Bean Tasting????

jimster(z7a MA)May 6, 2008

Tomato aficionados, as you undoubtedly know, hold "tastings" each summer. Would an analogous type of get together with a leguminous theme interest beanophiles? What are the pros and cons? Just wondering.

Jim

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tormato

jimster,

Blazing Saddles?

    Bookmark   May 6, 2008 at 12:06PM
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deanriowa(4b)

I think tomatoes are easier to judge, because they are eaten commonly uncooked. Of course some exceptions for example paste tomatoes.

I have always cooked my beans in some form before eating them, thus the cooking method and spices would need to be considered when evaluating their flavor and textures. Steamed beans are good, but I need to add something to spice them.

You cook a bunch up though and I am there!

Dean

    Bookmark   May 6, 2008 at 3:33PM
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jimster(z7a MA)

Dean, I think you have pointed out the greatest difference between a tomato tasting and a potential bean tasting. Also, beans are far more diverse than tomatoes. Beans come in different species, different stages of harvest and, as you say, different cooking methods. How to accommodate all of that in a tasting is the big question. It would have to be much different from a tomato tasting. Maybe the concept of a tasting is all wrong. Maybe it should be a bean festival, bean swap or some other thing. This will require some creative thinking.

Jim

    Bookmark   May 6, 2008 at 6:26PM
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zeedman Zone 5 Wisconsin

A couple possible names:
Bean Bonanza. Root-toot-touille.

Pro: Imagine all the bean dishes!!!
Cons: No smoking. Caged canaries for early warning.

Jim, you had me at hello. ;-) Unfortunately, except for a few of us, beans don't seem to generate the same quasi-religious fervor as tomatoes. A question of color, perhaps... tomatoes are more decorative. Nor do you see bean growers compete for the earliest bean, or the largest. But then, various tomatoes stuffed in mason jars wouldn't be nearly as attractive as dried beans.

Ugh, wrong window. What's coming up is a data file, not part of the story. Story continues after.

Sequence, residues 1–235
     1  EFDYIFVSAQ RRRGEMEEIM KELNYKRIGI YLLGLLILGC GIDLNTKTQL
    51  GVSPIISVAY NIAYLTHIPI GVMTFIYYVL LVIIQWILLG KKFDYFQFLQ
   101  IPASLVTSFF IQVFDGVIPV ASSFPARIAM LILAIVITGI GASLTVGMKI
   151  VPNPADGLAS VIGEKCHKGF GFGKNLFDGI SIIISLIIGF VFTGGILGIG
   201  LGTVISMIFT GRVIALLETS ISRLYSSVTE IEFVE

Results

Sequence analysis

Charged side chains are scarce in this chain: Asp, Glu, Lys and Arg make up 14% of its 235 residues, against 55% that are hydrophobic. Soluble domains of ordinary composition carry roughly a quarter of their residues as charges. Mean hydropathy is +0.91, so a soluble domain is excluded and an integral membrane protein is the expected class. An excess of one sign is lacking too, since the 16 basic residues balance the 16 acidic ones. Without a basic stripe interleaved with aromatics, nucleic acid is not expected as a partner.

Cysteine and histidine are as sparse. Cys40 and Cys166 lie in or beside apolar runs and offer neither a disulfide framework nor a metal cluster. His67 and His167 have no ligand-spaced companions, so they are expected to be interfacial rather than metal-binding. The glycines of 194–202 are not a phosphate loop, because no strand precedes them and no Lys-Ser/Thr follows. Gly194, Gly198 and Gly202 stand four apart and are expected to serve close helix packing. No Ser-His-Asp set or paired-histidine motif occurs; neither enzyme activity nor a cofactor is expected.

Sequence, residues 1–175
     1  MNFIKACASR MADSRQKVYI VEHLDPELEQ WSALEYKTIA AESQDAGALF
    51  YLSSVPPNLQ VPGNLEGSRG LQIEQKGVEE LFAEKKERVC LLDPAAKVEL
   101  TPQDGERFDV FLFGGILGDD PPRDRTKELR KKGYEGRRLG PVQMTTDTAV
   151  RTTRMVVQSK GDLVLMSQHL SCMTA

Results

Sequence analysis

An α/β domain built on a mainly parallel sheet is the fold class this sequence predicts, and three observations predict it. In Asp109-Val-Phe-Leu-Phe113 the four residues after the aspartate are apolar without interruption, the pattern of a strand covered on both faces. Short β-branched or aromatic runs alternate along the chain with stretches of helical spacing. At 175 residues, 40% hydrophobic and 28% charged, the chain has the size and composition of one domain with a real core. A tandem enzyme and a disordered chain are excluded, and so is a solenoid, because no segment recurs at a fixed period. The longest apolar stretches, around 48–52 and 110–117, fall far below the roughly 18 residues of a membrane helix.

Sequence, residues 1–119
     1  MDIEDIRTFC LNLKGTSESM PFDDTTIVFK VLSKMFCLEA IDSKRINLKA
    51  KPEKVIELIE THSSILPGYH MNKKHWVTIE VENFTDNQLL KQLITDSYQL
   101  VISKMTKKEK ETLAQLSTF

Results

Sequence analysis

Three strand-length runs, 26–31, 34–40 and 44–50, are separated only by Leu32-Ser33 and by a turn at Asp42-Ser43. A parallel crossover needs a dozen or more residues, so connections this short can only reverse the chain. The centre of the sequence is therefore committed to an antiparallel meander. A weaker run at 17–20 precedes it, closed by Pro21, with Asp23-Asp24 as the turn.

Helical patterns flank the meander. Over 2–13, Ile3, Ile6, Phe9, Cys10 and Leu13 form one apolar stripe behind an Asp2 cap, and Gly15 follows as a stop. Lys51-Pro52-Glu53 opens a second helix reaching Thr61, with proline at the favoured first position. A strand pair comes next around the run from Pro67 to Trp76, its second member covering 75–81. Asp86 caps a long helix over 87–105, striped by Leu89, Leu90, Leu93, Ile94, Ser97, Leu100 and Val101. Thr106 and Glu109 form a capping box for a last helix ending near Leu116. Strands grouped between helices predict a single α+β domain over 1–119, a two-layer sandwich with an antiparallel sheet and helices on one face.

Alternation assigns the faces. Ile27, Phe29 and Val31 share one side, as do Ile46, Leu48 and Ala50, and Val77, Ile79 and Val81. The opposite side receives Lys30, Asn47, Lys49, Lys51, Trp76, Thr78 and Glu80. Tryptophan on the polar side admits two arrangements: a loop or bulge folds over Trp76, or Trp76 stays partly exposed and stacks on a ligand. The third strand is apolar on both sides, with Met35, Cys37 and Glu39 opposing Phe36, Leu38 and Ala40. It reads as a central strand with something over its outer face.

Given the broad diversity of legumes, I can't figure out why there are so few social functions dedicated to them. Maybe it's a matter of critical mass, or a violation of fire codes, if too many "beanies" gather together in one place. Yes, to be a bean lover is to live in a state of self-imposed exile (or social expulsion).

But seriously... in the Northeast & Southwest, there is enough interest in beans that it just might work. For the rest of us, we'll just have to get together here. :-)

    Bookmark   May 7, 2008 at 12:23AM
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remy_gw

"Blazing Saddles" and "Caged canaries for early warning" LOL!

We did have some bean, and pepper too, tasting at the Buffalo-Niagara party. Not on a large scale and there was no voting, but it was nice that people brought other homegrown items besides their tomatoes.

Contests for beans cooked alone with maybe spices and oil/butter only, and in various dishes would be the start of a party. If you've got good food, people show up : )
Remy

    Bookmark   May 9, 2008 at 10:07PM
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fliptx(Houston 9)

I had an informal bean tasting today. I cooked up a batch of Dragon Tongue, Fortex, Jumbo, and Rattlesnake for lunch with my grandma. We concluded that all were tasty.

    Bookmark   May 10, 2008 at 7:16PM
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susaneden(5)

I LOVE this idea (not the gassy aftermath, although held outside might work--as long as there is not a fire code violation involving grills or fire pits--LOL!!!!!) Of course, the gas is more of an issue with the shellies than with snaps :D

I'll just brong some of my beans (and maters too, of course) to the Buffalo/Niagara party, as it is less than 50 miles away from me!

    Bookmark   May 11, 2008 at 8:48AM
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remy_gw

Susan,
Great idea to bring the beans! : )
Remy

    Bookmark   May 14, 2008 at 9:21AM
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jimster(z7a MA)

There ya go! Beanophiles are about to evangelize the Buffalo/Niagara tomato group. Tomatoes are good, of course, but beans are so much more diverse and versatile.

Jim

    Bookmark   May 14, 2008 at 12:52PM
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